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Not suitable under 14; parental guidance to 16 (violence, themes, language and scary scenes)
This topic contains:
|Children under 14||Not suitable due to violence, themes, scary scenes and language.|
|Children aged 14–16||Parental guidance recommended due to violence, themes, scary scenes and language.|
|Children over the age of 16||Ok for this age group.|
This section contains details about the movie, including its classification by the Australian Government Classification Board and the associated consumer advice lines.
|Name of movie:||Snake Eyes: G.I. Joe Origins|
|Consumer advice lines:||Mature themes, action violence and occasional coarse language|
This review of the movie contains the following information:
A young boy watches his father die and swears vengeance on the man who killed him. As an adult, this boy calls himself Snake Eyes (Henry Golding) after the roll of the dice that ended his father’s life. Working as a street fighter for a living, he takes quite a beating but always triumphs over his opponent. Snake Eyes is soon sought out by a man called Kenta (Takehiro Hira) who offers to track down and deliver his father’s killer. Kenta appears to be recruiting an army of assassins to help him defeat an archrival but Snake Eyes refuses to be a common killer and saves the rival, Tommy’s, life instead. Wishing to pay back the debt, Tommy (Andrew Koji) takes Snake Eyes to his home in Japan where he is next in line to lead a famous clan of Ninja warriors sworn to protect a precious gem with infinite power. Tommy would like Snake Eyes to join them and become a protective warrior as well but in order to do so Snake Eyes must pass three dangerous tests, all designed to reveal if he possesses a pure heart in addition to the skills of a Ninja. Snake Eyes feels the pull towards a home and a family that he never had but perhaps even greater than his wish to belong is his desire for revenge. When Kenta teams up with the evil Baroness (Ursula Corbero) to steal the gem and destroy Tommy and his clan, Tommy enlists help from his old friends the Joes, who give Snake Eyes a new perspective and help him see that there is a greater enemy than the man who ended his father’s life.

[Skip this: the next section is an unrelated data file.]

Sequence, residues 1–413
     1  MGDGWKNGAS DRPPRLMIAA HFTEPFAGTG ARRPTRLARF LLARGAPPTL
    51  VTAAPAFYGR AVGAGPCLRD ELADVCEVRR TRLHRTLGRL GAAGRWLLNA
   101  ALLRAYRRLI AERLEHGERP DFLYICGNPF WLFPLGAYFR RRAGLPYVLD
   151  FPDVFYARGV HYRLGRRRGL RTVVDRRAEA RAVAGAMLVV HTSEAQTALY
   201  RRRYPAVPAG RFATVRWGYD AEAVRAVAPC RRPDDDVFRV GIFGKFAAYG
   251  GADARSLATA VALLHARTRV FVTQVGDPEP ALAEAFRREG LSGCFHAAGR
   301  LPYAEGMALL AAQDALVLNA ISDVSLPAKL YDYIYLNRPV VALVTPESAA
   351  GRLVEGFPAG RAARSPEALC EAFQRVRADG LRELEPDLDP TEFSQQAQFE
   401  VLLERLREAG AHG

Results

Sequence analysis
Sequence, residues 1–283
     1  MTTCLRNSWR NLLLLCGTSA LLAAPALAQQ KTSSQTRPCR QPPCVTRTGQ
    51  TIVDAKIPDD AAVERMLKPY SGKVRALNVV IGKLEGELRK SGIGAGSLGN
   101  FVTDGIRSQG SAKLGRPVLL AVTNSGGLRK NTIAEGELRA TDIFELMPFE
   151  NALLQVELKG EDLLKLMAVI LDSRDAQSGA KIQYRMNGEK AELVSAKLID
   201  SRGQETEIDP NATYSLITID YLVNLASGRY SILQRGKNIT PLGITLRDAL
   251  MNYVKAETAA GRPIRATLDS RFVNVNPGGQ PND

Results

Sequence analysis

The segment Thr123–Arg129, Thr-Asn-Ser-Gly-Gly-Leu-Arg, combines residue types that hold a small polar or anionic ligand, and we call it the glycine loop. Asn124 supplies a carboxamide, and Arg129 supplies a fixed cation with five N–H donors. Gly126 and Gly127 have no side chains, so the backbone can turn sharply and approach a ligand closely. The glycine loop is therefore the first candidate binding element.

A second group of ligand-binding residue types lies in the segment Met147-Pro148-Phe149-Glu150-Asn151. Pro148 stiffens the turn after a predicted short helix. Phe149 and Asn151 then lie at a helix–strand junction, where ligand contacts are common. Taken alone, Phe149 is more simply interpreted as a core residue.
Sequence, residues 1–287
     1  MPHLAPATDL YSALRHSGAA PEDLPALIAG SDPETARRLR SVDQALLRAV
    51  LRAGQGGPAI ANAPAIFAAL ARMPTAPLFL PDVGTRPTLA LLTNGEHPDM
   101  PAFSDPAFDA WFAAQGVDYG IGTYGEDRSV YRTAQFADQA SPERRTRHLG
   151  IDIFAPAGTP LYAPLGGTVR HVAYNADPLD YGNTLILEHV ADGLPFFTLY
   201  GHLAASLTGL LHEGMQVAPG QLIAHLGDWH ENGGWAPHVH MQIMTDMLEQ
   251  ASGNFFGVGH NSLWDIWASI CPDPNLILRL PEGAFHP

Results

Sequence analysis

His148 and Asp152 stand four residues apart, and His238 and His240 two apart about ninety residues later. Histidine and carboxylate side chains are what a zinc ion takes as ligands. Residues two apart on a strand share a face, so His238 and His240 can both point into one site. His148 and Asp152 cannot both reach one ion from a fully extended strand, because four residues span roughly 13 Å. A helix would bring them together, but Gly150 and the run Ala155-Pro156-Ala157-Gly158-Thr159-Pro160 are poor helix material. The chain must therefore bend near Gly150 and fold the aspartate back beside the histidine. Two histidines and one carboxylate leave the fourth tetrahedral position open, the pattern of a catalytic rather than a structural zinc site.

Children and adolescents may react adversely at different ages to themes of crime, suicide, drug and alcohol dependence, death, serious illness, family breakdown, death or separation from a parent, animal distress or cruelty to animals, children as victims, natural disasters and racism. Occasionally reviews may also signal themes that some parents may simply wish to know about.
Revenge; Murder of a parent; Good versus evil; Violence as a means to solve conflict; Traditional values versus New Age thinking.
Research shows that children are at risk of learning that violence is an acceptable means of conflict resolution when violence is glamourised, performed by an attractive hero, successful, has few real life consequences, is set in a comic context and / or is mostly perpetrated by male characters with female victims, or by one race against another.
Repeated exposure to violent content can reinforce the message that violence is an acceptable means of conflict resolution. Repeated exposure also increases the risks that children will become desensitised to the use of violence in real life or develop an exaggerated view about the prevalence and likelihood of violence in their own world.
There is some violence in this movie, including:
Children under five are most likely to be frightened by scary visual images, such as monsters, physical transformations.
In addition to the above-mentioned violent scenes, there are some scenes in this movie that could scare or disturb children under the age of five, including the following:
Children aged five to eight will also be frightened by scary visual images and will also be disturbed by depictions of the death of a parent, a child abandoned or separated from parents, children or animals being hurt or threatened and / or natural disasters.
In addition to the above-mentioned violent scenes and scary visual images, there are some scenes in this movie that could scare or disturb children aged five to eight, including the following:
Children aged eight to thirteen are most likely to be frightened by realistic threats and dangers, violence or threat of violence and / or stories in which children are hurt or threatened.
The following products are displayed or used in this movie:
There is some use of substances in this movie, including:
There is some coarse language in this movie, including:
Snake Eyes: G.I. Joe Origins is an action adventure film with a fast paced, albeit predictable, plot. A prequel to the previous G.I. Joe films, based on two of the comic series' main characters and filled with violence, this is not a family movie but rather one that will be best enjoyed by fans of the franchise and mature audiences. Not suitable under 14 and parental guidance to 16.
The main messages from this movie are that power comes from discipline and that we all make mistakes – it is what we do afterwards that really matters.
Values in this movie that parents may wish to reinforce with their children include:
This movie could also give parents the opportunity to discuss with their children attitudes and behaviours, and their real-life consequences, such as:
Tip: Leave out the first A, An or The
Selecting an age will provide a list of movies with content suitable for this age group. Children may also enjoy movies selected via a lower age.
Content is age appropriate for children this age
Some content may not be appropriate for children this age. Parental guidance recommended
Content is not age appropriate for children this age
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